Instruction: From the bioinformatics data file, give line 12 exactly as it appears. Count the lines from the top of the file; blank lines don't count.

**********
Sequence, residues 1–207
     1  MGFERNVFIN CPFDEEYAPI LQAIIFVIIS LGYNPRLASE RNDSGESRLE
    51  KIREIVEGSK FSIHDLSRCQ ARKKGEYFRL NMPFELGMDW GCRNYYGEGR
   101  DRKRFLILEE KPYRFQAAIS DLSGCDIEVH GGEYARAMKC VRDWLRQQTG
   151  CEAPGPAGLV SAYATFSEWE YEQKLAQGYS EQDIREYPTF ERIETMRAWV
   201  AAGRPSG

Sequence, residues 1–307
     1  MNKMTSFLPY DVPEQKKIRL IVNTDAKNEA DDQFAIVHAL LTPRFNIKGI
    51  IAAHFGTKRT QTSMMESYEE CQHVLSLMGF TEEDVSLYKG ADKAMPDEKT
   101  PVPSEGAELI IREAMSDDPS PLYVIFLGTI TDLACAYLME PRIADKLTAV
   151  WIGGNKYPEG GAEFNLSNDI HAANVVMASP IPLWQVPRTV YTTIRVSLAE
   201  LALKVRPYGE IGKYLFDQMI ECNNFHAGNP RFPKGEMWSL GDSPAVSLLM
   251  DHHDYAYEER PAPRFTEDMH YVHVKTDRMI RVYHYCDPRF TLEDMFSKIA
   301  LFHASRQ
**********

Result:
   201  LALKVRPYGE IGKYLFDQMI ECNNFHAGNP RFPKGEMWSL GDSPAVSLLM